August 12, 2020|2:03 p.m.| ASTHO Staff
The movement to address racism through policy change in the U.S. is receiving significant political support at every level of government. Government institutions are acknowledging the systemic oppression of people of color that persists in the United States and elevating racism as an urgent public health emergency comparable to other public health crises.
At the local level a growing number of cities and counties are issuing declarations. Public and private institutions, school districts, and business leaders are joining the charge to advance racial equity and to support policies declaring racism a public health crisis. At the federal level, a national resolution was introduced in Congress declaring racism a public health issue and leading national health associations ASTHO, APHA, AMA, and AAP issued statements in solidarity with these efforts.
At the state level, governors and legislatures are also taking actions to raise awareness of the impacts of racism on health outcomes, to reverse the damage of racist polices, and to promote policy change to prevent the negative effects of racism and discrimination on future health outcomes. Research shows that persistent exposure to racial discrimination may result in premature aging, poor health outcomes, and increased prevalence of certain chronic diseases. For example, Black Americans are more likely to have or die from certain chronic diseases, such as asthma, diabetes, and heart disease than white Americans and have a shorter life expectancy than the rest of the U.S. population. These racial disparities are tied to historical racist policies such as redlining and Jim Crow laws, and a legacy of disinvestment in communities of color.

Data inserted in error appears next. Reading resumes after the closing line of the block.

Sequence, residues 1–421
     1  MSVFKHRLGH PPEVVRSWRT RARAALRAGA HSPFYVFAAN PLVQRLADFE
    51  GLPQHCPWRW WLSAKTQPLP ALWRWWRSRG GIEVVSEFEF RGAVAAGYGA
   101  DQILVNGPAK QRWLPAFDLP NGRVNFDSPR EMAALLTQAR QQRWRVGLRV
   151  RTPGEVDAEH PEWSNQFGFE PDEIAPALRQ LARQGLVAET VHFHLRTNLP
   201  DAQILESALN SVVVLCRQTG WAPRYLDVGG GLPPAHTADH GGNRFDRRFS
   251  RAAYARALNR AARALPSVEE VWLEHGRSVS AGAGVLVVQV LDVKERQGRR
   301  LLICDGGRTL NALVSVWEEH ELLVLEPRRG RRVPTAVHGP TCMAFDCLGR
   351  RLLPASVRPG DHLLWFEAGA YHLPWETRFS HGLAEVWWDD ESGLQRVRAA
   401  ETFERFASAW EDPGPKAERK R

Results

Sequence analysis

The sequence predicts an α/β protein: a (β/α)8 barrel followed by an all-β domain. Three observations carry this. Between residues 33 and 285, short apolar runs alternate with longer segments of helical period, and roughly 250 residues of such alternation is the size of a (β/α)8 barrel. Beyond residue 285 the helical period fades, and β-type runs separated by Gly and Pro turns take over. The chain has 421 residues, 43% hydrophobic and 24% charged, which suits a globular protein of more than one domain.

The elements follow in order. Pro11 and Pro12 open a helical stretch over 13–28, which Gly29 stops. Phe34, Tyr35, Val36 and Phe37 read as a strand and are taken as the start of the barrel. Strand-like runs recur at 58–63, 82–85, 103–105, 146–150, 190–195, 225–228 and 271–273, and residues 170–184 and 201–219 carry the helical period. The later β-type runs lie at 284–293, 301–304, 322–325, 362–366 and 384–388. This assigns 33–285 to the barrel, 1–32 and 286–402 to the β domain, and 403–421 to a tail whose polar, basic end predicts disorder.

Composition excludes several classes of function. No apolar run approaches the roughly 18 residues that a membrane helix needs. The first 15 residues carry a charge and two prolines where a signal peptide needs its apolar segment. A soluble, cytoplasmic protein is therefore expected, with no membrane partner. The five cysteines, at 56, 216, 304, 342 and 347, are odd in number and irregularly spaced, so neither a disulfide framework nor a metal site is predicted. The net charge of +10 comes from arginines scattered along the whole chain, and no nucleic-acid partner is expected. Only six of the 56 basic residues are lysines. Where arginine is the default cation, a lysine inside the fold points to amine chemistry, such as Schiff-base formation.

Below is an overview of state level efforts to declare racism a public health issue, establish political bodies and procedures to assess the disparate impact of current policies on populations of color, and implement policy changes to ensure that future policies are enacted with a racial equity lens.
Governors in Michigan, Nevada, and Wisconsin issued executive orders declaring racism as a public health crisis requiring immediate action and allocation of resources. In addition, governors in North Carolina and Vermont issued executive orders establishing task forces or councils to implement strategies and policies to eliminate racism in several systems including the public health and criminal justice systems.
To read the entire article by Melissa Lewis, MPH, is the director of health equity at ASTHO
Cassandra Thompson is a senior analyst of social and behavioral health at ASTHO, click here.